The other ant species D. pyramicus is also the competitor to C. clypeatus but this is not as successful as B. obscurior. It’s mainly because unlike B. obscurior D.pyramicus does not assist workers along with it and when contradicted with C. clypeatus, it can be easily driven off. But still D. pyramicus has the ability to locate the food source at the earliest like C. clypeatus but could not drive off the other competitors like B. obscurior.

 

Mathematically to model such a process requires classic Lotka-Volterra equations. The negative effect created by one species on another could be shown by adding an extra term in the original equation. The Lotka-Volterra equation takes the form as:

 

«math xmlns=¨http://www.w3.org/1998/Math/MathML¨»«mfrac»«mrow»«mi»d«/mi»«mi»N«/mi»«/mrow»«mrow»«mi»d«/mi»«mi»t«/mi»«/mrow»«/mfrac»«mo»=«/mo»«msub»«mi»r«/mi»«mi»m«/mi»«/msub»«mo»*«/mo»«mi»N«/mi»«mo»*«/mo»«mo»[«/mo»«mn»1«/mn»«mo»-«/mo»«mo»(«/mo»«mfrac»«mi»N«/mi»«mi»K«/mi»«/mfrac»«msup»«mo»)«/mo»«mi»§#952;«/mi»«/msup»«mo»]«/mo»«/math»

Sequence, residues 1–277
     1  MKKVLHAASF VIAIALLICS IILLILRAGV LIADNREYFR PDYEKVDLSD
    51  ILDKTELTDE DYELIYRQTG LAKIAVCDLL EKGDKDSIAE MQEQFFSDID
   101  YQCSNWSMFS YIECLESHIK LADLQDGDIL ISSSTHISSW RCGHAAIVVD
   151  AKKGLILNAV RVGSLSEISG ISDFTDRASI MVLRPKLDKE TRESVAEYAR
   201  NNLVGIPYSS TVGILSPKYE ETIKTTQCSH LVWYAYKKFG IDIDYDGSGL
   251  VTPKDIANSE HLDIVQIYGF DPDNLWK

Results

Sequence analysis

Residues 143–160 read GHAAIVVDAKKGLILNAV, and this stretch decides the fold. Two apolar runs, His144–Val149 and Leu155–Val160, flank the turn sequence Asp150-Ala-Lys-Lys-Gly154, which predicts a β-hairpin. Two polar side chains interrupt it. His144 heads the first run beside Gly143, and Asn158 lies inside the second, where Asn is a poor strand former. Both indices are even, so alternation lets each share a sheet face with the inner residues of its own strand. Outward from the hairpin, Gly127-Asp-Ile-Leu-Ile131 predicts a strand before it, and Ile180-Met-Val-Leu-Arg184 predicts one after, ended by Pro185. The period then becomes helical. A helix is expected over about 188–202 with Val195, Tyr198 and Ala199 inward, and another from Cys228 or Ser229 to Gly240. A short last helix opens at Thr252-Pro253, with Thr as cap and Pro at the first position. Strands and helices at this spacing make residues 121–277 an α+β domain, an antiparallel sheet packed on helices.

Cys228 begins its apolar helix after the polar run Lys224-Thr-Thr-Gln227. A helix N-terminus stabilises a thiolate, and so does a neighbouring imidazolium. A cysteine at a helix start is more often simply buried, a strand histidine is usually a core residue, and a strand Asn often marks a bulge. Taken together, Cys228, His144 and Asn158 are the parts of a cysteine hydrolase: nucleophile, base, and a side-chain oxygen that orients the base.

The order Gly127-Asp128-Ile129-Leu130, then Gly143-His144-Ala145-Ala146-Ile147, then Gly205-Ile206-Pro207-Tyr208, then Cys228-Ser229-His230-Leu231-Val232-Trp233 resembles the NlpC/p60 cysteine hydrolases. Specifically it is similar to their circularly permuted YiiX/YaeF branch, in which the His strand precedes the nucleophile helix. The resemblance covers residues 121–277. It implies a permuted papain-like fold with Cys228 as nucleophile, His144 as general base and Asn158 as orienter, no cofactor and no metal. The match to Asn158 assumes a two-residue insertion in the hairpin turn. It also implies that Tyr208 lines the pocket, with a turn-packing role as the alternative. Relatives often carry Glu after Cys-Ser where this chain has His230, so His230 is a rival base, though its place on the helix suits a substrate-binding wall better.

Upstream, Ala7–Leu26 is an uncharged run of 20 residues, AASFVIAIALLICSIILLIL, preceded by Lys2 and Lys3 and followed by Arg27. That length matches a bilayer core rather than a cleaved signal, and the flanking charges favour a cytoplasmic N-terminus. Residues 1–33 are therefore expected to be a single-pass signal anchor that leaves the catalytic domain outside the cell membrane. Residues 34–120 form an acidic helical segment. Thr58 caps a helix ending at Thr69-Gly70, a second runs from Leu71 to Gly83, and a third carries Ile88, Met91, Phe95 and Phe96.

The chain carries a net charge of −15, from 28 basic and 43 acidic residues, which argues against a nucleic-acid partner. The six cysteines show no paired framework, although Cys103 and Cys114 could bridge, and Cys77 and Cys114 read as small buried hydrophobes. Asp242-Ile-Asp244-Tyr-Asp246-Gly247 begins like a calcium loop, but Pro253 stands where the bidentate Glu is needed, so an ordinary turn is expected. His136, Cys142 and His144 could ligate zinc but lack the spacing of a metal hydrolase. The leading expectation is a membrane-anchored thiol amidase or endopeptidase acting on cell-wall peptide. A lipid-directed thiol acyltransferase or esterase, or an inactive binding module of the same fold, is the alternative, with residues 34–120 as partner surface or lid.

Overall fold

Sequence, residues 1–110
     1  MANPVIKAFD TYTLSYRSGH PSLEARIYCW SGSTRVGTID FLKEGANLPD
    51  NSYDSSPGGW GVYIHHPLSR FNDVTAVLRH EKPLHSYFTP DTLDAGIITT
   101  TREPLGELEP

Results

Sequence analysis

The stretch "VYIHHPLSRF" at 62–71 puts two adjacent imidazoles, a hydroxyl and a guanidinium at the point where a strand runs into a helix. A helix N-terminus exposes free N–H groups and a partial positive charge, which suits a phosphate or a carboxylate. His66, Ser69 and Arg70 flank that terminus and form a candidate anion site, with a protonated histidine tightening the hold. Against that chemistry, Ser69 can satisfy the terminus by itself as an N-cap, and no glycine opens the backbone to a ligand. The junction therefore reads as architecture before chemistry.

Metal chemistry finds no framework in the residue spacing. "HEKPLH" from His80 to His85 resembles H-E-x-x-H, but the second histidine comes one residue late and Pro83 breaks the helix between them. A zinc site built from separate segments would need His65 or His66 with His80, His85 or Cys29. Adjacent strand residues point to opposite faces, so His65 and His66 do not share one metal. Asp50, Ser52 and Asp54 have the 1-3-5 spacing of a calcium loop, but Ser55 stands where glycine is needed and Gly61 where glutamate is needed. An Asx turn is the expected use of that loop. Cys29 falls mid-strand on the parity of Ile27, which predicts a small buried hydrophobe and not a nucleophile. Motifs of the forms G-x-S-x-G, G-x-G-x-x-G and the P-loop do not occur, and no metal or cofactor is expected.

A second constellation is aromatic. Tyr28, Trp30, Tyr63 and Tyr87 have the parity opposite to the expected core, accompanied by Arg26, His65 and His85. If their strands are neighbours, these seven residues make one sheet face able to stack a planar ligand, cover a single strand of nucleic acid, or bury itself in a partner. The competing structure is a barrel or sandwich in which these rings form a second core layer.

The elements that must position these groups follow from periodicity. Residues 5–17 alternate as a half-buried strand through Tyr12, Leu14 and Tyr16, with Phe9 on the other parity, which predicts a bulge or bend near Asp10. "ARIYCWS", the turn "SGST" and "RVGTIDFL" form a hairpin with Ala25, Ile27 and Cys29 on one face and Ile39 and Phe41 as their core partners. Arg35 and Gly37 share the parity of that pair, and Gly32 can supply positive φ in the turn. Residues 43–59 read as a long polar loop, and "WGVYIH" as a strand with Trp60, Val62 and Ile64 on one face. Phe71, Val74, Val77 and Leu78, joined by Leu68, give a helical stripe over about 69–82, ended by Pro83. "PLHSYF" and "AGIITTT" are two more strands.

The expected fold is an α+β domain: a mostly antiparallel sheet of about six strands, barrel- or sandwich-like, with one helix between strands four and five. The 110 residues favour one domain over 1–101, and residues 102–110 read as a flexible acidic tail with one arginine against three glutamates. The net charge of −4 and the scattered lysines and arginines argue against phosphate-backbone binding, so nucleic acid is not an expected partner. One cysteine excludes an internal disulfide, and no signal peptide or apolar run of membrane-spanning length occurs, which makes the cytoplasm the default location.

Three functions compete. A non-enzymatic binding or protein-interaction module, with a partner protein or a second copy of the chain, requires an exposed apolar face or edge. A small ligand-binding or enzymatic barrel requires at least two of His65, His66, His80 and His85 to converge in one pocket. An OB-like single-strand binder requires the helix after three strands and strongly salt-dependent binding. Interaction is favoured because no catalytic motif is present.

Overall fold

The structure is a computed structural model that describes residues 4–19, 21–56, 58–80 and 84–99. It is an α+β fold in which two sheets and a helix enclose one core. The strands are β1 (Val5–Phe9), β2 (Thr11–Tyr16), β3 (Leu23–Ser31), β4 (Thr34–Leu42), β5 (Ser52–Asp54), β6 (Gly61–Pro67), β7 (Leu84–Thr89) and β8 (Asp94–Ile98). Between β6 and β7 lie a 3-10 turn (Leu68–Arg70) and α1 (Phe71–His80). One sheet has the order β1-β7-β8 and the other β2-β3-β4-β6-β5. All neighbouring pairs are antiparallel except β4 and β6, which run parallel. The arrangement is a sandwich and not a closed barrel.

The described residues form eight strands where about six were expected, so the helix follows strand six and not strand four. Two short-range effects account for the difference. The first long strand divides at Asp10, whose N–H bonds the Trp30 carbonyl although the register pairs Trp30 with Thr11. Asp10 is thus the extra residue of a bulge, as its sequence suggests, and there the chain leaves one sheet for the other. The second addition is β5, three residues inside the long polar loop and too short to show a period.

Mathematically to model such a process requires classic Lotka-Volterra equations. The negative effect created by one species on another could be shown by adding an extra term in the original equation. The Lotka-Volterra equation takes the form as:

 

«math xmlns=¨http://www.w3.org/1998/Math/MathML¨»«mfrac»«mrow»«mi»d«/mi»«mi»N«/mi»«mn»1«/mn»«/mrow»«mrow»«mi»d«/mi»«mi»t«/mi»«/mrow»«/mfrac»«mo»=«/mo»«msub»«mi»r«/mi»«mrow»«mi»m«/mi»«mo»(«/mo»«mn»1«/mn»«mo»)«/mo»«/mrow»«/msub»«mo»*«/mo»«mi»N«/mi»«mn»1«/mn»«mo»*«/mo»«mo»[«/mo»«mn»1«/mn»«mo»-«/mo»«mo»(«/mo»«mfrac»«mrow»«mi»N«/mi»«mn»1«/mn»«/mrow»«mrow»«mi»K«/mi»«mn»1«/mn»«/mrow»«/mfrac»«msup»«mo»)«/mo»«mrow»«mi»§#952;«/mi»«mn»1«/mn»«/mrow»«/msup»«mo»-«/mo»«mfrac»«mrow»«msub»«mi»§#945;«/mi»«mn»12«/mn»«/msub»«mo»*«/mo»«mi»N«/mi»«mn»2«/mn»«/mrow»«mrow»«mi»K«/mi»«mn»1«/mn»«/mrow»«/mfrac»«mo»]«/mo»«/math»

 

Where, rm(1) is the maximum rate of growth per individual for species 1,

N1 is the number of individuals of species 1,

K1 is the carrying capacity of the species 1,

«math xmlns=¨http://www.w3.org/1998/Math/MathML¨»«mi»§#952;«/mi»«/math»1 is the spatial abundance of the species 1,

N2 is the number of individuals of species 2,

α12 is the effect of an individual of species 2 on an individual of species 1

Likewise, for the species 2, the equation is used as,